A series of 89-91 GHz passive microwave images during the mission (Fig. 7) show the evolving precipitation structure. Precipitation was oriented in a pronounced spiral band during the early stages of the mission, when the SHIPS shear was ~8-14 kt. A broad distribution of ice scattering is seen on the south side of the storm (downshear), but there are isolated regions of significant ice scattering, indicative of deep convection, all the way around the storm, in particular in the USL quadrant. Shortly after the mission was over (cf. Fig. 7c), the microwave image takes on more of a wavenumber-1 appearance, which could have been because the shear values (as diagnosed by SHIPS) had increased to ~18 kt. The most significant ice scattering is located DSL, though some does occur USL as well.
Vertical profiles of reflectivity from the tail Doppler radar (Fig. 8) show precipitation in all quadrants. However, the highest echo top, and strongest upward motion, is seen USL at a radius of ~50 km. Examining the profiles around the storm, starting DS, then DSL, then USL, then US, there appears to be an along-band variation in the structure of the radar echoes which may indicate the spiral nature of the precipitation or a temporal evolution of deep convection. The strongest echoes DS are seen at ~100 km radius, then at ~75 km DSL, then ~50 km USL, and finally ~30 km US. As mentioned previously, the highest echo tops appear to be USL.
Midlevel relative humidity (RH; Fig. 9) shows high RH values all the way around the storm. Downshear the midlevel air is nearly saturated, but even upshear the RH is generally > 70-80% inside 200 km radius. Outside 200 km the air dries out considerably in the USR quadrant.
Skew-T, log P diagrams in the near environment (i.e., between 50-200 km radius) in each quadrant (Fig. 10) show that the air was nearly saturated around the storm. The only substantial differences are seen at larger radii (Fig. 11), which show that the air was notably drier USR. Vertical profiles of equivalent potential temperature (Fig. 12) show that, in the near environment, the theta-e values in the lowest 2 km altitude are generally lowest in the DSL quadrant. They are generally highest to the right of shear, i.e., USR and DSR, presumably as the boundary recovers from surface fluxes.
In general the observations collected here show a tropical storm with a generally symmetric distribution of precipitation and midlevel relative humidity, and deep convection distributed around the storm, particularly upshear. High values of theta-e are seen in the boundary layer in the DSR quadrant. This type of structure is consistent with an intensifying tropical storm, as indicated in recent case studies of Edouard (Zawislak et al. 2016, Rogers et al. 2016) and Bertha and Cristobal (Nguyen et al. 2017).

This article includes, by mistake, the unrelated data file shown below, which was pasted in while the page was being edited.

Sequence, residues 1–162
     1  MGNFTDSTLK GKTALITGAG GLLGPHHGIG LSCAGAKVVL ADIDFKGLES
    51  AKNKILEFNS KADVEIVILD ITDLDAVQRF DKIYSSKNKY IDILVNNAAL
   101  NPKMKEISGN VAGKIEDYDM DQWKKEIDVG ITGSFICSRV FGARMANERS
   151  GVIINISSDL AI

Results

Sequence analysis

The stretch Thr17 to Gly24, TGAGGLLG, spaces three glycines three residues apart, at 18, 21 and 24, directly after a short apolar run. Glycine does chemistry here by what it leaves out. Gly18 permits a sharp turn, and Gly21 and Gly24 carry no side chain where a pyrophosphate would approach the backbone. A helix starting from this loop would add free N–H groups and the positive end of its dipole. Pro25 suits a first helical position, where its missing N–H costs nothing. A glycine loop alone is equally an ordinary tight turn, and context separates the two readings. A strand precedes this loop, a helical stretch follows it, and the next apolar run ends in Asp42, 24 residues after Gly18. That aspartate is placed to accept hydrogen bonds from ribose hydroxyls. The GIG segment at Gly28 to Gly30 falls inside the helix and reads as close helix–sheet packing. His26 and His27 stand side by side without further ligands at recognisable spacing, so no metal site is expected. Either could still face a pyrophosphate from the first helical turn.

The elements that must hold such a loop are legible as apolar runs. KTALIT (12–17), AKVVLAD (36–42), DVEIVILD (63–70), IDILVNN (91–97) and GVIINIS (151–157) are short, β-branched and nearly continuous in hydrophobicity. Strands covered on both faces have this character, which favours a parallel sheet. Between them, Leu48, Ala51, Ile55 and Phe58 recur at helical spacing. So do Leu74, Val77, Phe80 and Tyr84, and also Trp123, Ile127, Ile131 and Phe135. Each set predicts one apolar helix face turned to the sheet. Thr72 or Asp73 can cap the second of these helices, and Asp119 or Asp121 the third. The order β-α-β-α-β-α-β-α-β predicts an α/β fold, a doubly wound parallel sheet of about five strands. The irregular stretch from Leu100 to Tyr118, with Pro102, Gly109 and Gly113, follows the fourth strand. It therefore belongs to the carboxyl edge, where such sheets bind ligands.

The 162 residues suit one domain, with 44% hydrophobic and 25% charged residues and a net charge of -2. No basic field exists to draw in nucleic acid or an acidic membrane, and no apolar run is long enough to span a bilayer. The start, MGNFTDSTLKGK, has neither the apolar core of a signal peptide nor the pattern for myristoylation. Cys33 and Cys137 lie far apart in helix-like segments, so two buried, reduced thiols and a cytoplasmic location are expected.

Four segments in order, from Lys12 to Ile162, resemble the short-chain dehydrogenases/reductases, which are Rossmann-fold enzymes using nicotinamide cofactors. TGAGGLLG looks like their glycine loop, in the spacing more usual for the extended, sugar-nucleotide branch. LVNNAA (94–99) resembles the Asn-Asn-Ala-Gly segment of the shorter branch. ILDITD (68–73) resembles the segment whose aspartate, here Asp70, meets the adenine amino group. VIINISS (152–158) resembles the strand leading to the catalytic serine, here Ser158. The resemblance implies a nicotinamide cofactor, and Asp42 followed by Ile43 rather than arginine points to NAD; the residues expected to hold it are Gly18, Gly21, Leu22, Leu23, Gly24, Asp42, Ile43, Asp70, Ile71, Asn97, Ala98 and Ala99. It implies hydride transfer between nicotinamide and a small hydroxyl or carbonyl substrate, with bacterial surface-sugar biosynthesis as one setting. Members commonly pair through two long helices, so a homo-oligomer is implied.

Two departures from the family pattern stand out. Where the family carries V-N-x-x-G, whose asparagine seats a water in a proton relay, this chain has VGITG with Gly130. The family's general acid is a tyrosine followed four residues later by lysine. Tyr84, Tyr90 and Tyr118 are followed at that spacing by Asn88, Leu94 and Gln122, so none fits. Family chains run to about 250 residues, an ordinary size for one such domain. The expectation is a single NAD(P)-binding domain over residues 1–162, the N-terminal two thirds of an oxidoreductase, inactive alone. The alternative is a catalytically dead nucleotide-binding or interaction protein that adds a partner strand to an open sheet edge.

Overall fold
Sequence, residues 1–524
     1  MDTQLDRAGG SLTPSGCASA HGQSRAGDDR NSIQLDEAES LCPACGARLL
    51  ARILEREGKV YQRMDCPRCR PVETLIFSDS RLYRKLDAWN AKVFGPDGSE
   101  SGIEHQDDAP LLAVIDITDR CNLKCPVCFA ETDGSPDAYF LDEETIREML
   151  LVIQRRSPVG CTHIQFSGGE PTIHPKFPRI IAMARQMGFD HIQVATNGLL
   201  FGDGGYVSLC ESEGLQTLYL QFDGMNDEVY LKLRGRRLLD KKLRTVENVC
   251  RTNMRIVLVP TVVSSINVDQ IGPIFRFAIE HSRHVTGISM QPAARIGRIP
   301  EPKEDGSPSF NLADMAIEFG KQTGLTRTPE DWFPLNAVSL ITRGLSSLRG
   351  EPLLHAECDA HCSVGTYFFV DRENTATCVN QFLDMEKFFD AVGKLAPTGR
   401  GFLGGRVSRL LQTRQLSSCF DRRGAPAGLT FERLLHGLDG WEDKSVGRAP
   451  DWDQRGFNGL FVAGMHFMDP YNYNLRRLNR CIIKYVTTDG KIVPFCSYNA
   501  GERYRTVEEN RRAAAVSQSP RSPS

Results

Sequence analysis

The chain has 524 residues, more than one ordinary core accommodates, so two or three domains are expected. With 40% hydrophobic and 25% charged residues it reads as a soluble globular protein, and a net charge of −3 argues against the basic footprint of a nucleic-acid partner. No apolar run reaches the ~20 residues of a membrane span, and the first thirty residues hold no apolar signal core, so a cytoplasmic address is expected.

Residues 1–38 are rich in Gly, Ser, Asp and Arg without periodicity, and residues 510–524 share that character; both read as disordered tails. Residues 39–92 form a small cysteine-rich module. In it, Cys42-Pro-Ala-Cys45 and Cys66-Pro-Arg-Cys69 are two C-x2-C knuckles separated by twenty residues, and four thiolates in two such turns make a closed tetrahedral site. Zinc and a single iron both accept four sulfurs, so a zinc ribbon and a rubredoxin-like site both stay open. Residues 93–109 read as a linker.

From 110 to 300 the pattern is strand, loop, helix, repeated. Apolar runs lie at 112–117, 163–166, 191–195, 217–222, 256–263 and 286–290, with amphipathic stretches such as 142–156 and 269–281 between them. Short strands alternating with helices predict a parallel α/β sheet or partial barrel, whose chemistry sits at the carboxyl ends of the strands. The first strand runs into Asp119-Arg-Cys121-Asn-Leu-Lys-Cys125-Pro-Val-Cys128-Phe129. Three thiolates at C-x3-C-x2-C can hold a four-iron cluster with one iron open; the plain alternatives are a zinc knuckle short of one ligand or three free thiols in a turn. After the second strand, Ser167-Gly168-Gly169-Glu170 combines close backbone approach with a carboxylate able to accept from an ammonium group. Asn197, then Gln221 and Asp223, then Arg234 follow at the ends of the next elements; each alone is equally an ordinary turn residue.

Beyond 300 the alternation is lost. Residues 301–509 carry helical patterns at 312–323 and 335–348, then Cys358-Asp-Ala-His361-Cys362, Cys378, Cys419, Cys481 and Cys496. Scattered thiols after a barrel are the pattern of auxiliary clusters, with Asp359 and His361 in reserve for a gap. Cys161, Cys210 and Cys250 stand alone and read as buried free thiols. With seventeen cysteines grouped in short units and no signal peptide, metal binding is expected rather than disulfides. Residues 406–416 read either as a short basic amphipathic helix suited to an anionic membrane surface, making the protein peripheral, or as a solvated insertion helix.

The aircraft landed at 1609 UTC.
Mission Evaluation :
Three radar analyses were created and transmitted in real time, and 1 dropsonde was released at the center. Four AXBTs were dropped, with two of them providing data. Good coordination was obtained between the WP-3D and Global Hawk during the first inbound leg. In general, this mission was a success.
Other than the aforementioned failure of two AXBTs, and some problems in creating radar analyses within 3 km of the aircraft, there were no problems.
August 16, 2017
Nguyen, L.T., R.F. Rogers, and P.D. Reasor, 2017: Thermodynamic and kinematic influences on precipitation symmetry in sheared tropical cyclones: Bertha and Cristobal (2014). Mon. Wea. Rev., in press.
Rogers, R.F., J.A. Zhang, J. Zawislak, H. Jiang, G.R. Alvey III, E.J. Zipser, and S.N. Stevenson, 2016: Observations of the structure and evolution of Hurricane Edouard (2014) during intensity change. Part II: Kinematic structure and the distribution of deep convection. Mon. Wea. Rev., 144, 3355-3376.
Zawislak, J., H. Jiang, G.R. Alvey III, E.J. Zipser, R.F. Rogers, J.A. Zhang, and S.N. Stevenson, 2016: Observations of the structure and evolution of Hurricane Edouard (2014) during intensity change. Part I: Relationship between the thermodynamic structure and precipitation. Mon. Wea. Rev., 144, 3333-3354.
Timeseries wind plots
Flt lvl wind plots
SFMR wind plots
Temperature and Moisture
Wind and Atlitude
Flight track detail
Flight Director's log
Flight Director's manifest |
SFMR data | NetCDF data |
LPS log | Radar log | Drop log
Radar jobfile Leg #1 10:56:20 Z | Radar jobfile Leg #2 12:04:20 Z | Radar jobfile Leg #3 13:19:34 Z